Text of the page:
Advertisement

Photon Statistics and Coherence in Light Beams

  • R. Vasudevan

Abstract

It was the thesis of Toynbee that great religions arise by the encounter of two great civilizations. The Graeco-Roman civilization meeting the Syrian civilization is supposed to have produced Christianity. Be that as it may, we know for certain that meeting of two disciplines of thought or even two subdisciplines in the same categories produce fascinating results. One such very fruitful encounter is the application of stochastic theory of point processes to the theory of interference in light beams. A new element was injected into this field, by the wellknown Brown and Twiss experiment1 which opened up a new chapter on “photon statistics and coherence” in optics. A semiclassical study of these coherence properties and the statistics of the ejected electrons has been carried out by Glauber, Sudarshan, and others2 using P- representations or quasi-probability distributions. These are density matrix descriptions obtained by a knowledge of the coherent state formulation of the photon fields. Mandel3 adopted a simpler procedure of obtaining the first few moments of the number of photoelectrons ejected in time internal [0, T], by taking the correlations in intensity of the photon beam at different times. They all found that the first few moments coincided with those of the Bose distribution for the number of photolectrons emitted by thermal light. However, a general method can be adopted to find the probability distribution of photoelectrons if one knows all orders of correlations in intensity existing in the incident beam.

Keywords

Light Beam Coherence Function Photon Statistics Thermal Source Product Density 
These keywords were added by machine and not by the authors. This process is experimental and the keywords may be updated as the learning algorithm improves.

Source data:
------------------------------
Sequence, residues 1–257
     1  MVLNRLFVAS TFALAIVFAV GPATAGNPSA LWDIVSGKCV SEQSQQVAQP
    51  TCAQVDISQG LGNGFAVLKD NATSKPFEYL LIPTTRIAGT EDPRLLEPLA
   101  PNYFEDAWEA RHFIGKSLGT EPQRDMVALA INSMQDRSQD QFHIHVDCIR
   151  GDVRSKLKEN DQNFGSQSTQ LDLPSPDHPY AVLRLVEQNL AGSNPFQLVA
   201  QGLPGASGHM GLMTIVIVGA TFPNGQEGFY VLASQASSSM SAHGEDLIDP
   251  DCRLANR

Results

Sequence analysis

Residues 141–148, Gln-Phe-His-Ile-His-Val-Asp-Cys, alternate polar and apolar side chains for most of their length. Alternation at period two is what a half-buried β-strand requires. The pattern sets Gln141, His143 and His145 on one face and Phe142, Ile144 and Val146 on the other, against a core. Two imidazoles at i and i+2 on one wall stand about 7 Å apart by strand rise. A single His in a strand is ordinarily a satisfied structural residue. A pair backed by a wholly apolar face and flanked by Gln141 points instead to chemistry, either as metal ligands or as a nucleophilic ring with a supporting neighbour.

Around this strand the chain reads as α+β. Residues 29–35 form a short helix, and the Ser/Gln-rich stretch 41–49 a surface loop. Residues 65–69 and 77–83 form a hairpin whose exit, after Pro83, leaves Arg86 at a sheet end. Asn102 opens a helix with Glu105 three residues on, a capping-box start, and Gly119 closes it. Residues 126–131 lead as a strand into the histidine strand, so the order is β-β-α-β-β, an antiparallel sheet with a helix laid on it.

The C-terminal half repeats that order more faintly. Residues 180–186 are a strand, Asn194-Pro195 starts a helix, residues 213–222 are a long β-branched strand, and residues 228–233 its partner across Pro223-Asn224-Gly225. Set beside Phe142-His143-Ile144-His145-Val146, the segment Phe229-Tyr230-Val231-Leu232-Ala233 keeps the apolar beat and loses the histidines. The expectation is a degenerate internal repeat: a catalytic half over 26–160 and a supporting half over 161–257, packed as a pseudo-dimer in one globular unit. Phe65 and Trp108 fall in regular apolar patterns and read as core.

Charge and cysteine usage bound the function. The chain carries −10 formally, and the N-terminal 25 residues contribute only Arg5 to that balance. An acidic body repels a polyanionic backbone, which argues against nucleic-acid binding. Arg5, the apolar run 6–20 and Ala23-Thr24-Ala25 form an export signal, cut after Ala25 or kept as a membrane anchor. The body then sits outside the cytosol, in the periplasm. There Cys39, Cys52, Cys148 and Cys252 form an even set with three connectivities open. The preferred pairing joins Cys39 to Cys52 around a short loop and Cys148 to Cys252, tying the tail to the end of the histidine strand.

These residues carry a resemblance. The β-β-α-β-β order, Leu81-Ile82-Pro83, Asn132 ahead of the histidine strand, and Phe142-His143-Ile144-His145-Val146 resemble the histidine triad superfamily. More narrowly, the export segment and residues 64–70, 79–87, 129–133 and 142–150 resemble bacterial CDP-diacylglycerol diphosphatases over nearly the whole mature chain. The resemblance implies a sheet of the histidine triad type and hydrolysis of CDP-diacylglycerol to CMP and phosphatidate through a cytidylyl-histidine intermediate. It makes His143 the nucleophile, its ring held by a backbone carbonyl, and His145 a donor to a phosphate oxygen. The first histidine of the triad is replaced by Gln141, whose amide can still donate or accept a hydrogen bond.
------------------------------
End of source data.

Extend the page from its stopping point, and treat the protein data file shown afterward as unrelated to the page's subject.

Preview

Unable to display preview. Download preview PDF.

Unable to display preview. Download preview PDF.

References

  1. 1.
    R. Hanbury Brown and R. Q. Twiss, Phil. Mag 45: 663 (1954) Proc. Roy. Soc. 242 A: 300 (1957); 243 A: 291 (1957).Google Scholar
  2. 2.
    R. J. Glauber, Phys. Rev. 130, 2529; Phys. Rev. 131: 2766 (1963). Sudarshan, E. C. G., Phys. Rev. Letters 10: 277 (1963); Proceedings of the Symposium on Optical Masers, John Wiley & Sons, New York, 1963; Mandel L., Sudarshan, E. C. G., Wolf, E, Proc. Phys. Soc. Lond. 84: 435 (1964).Google Scholar
  3. 3.
    L. Mandel, Proc. Phys. Soc. (London) 81: 1104, (1963).ADSCrossRefGoogle Scholar
  4. 4.
    A. Ramakrishan, Proc. Camb. Phil. Soc. 46: 595 (1950).ADSCrossRefGoogle Scholar
  5. 5.
    A. Ramakrishan, “Probability and stochastic processes” in Handbuch der Physik, Vol. 4, Springer Verlag, 1956.Google Scholar
  6. 6.
    P. I. Kuznetsov and R. L. Stratonovich, Izvestiya Akad Nauk, Nauk, SSSR Ser. Mat. 20: 167 (1956). Translated in: Nonlinear Transformations in Stochastic Processes, Pergamon, London, 1965.MATHGoogle Scholar
  7. 7.
    S. K. Srinivasan, J. Math. Phys Sci, 1 Nos. 1 and 2. p. 1, (1967).MATHGoogle Scholar
  8. 8.
    A. Einstein, Phys. Z 10: 185 (1909)Google Scholar
  9. 9.
    S. K. Srinivasan and R. Vasudevan, Nuovo Cimento 57: 185 (1967).Google Scholar
  10. 10.
    L. Mandel and E. Wolf, Rev. Mod. Phys. 37: 231 (1965).MathSciNetADSCrossRefGoogle Scholar
  11. 11.
    R.J. Glauber, Physics of Quantum Electronics, McGraw-Hill Book Company 1966, 788.Google Scholar
  12. 12.
    R. Kubo, Phys. Soc. Jap. 17: 1100 (1962).MathSciNetADSMATHCrossRefGoogle Scholar
  13. 13.
    S. K. Srinivasan and R. Vasudevan, MATSCIENCE preprint.Google Scholar

Copyright information

© Plenum Press 1969

Authors and Affiliations

  • R. Vasudevan
    • 1
  1. 1.MatscienceMadrasIndia

Personalised recommendations